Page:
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An essential for LSAT prep
on December 7, 2003
I began studying for the LSAT in July. On my first practice tests, I was scoring around 160. When I finally took the test in December, I got a 174. This is how I did it.
In preparing for the LSAT, I have used a wide variety of study guides--10 Actual, Official LSAT PrepTests, 10 More Actual Official PrepTests, Kaplan's LSAT 2004, Kaplan's LSAT 180, Princeton Review's Cracking the LSAT 2004, and REA's Best Test Prep. The only bad one among them was REA's; the rest were quite helpful. This book was the conerstone of my preparation. If you want to do well on the LSAT, this is the way to study:
Your first two purchases should be Kaplan's (or Princeton's, if you prefer) most current LSAT guide and 10 More Actual, Official LSAT PrepTests. Kaplan's book will give you a good intro to the test, along with 3 full tests with a detailed analysis for each question. The PrepTest book will give you plenty of real, recently-administered LSATs to take, though without question analysis. Just getting used to taking the test is the most important part of the preparation process, and between the two books, 13 full tests should be plenty.
If, after 4 or 5 tests, you're noticing your scores plateau around 165, and you want to bump them up, get Kaplan's LSAT 180. It is full of the toughest questions that Kaplan's crew could come up with (along with a few nasty ones you might see adapted from real questions on LSAC's PrepTests), and strategies on how to approach them. The regular, yearly guides are a great way to start studying, but they will only take you so far. LSAT 180 can take you the rest of the way, as its name implies. You should be warned beforehand though--these are THE TOUGHEST questions you will find anywhere. If you can handle these, most of the actual test will seem like cake.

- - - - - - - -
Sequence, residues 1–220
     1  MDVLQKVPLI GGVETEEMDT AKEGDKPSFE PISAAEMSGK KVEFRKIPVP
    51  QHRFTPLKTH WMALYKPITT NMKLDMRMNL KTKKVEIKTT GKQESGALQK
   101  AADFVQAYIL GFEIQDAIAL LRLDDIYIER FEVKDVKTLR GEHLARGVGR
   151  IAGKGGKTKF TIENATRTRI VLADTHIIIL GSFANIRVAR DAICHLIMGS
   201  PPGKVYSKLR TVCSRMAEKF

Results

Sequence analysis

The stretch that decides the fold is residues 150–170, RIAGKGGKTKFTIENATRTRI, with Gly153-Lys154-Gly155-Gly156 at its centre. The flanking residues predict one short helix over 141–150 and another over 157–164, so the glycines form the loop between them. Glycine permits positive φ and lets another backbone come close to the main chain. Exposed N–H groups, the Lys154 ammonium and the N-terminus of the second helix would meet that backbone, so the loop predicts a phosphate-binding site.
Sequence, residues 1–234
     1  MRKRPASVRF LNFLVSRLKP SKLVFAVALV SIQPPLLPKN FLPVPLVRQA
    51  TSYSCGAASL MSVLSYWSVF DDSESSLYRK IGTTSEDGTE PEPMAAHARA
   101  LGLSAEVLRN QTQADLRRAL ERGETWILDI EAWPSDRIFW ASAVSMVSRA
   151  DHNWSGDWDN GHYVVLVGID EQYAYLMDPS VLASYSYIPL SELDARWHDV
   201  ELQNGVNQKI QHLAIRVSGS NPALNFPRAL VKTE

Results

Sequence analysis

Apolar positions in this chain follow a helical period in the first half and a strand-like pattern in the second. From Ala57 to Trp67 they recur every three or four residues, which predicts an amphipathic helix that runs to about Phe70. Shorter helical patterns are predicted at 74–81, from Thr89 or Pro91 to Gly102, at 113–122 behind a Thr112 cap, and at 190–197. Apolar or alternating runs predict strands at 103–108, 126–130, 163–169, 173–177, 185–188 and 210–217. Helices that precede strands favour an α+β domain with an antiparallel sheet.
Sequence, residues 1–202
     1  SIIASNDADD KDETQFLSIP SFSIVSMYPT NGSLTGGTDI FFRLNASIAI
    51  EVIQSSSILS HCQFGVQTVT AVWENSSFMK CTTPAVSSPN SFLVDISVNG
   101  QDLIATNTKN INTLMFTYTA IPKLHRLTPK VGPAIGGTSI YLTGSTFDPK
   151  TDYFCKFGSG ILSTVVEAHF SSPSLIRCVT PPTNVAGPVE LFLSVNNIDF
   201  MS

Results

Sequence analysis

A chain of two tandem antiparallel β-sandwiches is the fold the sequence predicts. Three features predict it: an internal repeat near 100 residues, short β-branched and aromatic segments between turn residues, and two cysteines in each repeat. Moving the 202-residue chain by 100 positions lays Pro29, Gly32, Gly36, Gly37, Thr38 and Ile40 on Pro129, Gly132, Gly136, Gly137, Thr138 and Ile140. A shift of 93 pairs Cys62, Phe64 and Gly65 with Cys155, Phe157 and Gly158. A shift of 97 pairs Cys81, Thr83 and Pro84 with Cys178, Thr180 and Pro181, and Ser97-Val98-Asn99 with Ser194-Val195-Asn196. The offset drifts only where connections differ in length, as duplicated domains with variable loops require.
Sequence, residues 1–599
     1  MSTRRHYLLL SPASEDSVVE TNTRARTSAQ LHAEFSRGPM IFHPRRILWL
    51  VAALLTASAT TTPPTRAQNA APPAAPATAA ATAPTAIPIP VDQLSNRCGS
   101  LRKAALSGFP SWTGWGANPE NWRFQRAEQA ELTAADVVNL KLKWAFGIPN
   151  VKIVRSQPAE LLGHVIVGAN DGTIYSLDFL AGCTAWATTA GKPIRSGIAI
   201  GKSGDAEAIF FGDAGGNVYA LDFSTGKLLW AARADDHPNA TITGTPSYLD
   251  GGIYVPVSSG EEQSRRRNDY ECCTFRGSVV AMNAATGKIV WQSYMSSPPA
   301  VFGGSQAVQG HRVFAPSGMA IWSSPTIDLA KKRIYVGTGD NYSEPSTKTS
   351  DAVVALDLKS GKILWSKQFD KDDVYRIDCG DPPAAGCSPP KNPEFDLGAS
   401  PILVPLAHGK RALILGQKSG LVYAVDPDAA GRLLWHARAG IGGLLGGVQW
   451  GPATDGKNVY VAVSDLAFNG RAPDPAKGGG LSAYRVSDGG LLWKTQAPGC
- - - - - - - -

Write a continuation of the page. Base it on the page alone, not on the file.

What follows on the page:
If you burn through all of Kaplan's Tests--including the free online one--and all 10 Actual tests (Like I did), you can always get the older 10 Actual, Official LSAT PrepTests. It's still good prep; the only difference is that the tests are older--December '92 is the oldest; September '95 is the most recent. Some minor things have changed: the older tests are a little harder, which means a lower raw score here translates into a higher scaled score; the wording of questions is different; and some of the types of logic games that are on the newer tests aren't on these. However, if you've taken all the tests in the more recent book, and you know what to expect to see on the actual test, taking the PrepTests in this book is a good way to keep your practice going.
Also, both LSAC.org and Amazon have individual PrepTests available for $8 apiece. You can get all the most recent tests--sometimes right up to the one most recently administered. These aren't as good a deal as the books of 10, but seeing the most recent material--even if it's just 1 or 2 tests--is worth it. Though I haven't taken it, I've heard that PrepTest 31 (June 2000) has the most difficult Logic Game ever on it... that might be worth checking out. *****UPDATE***** I took PrepTest 31. The CD game was thoroughly underwhelming--I didn't even think it was the hardest game on the test. Maybe that's just me.
Anyway, that's about it. If you want to prepare for the LSAT as thoroughly and effectively as possible, this is the way to do it.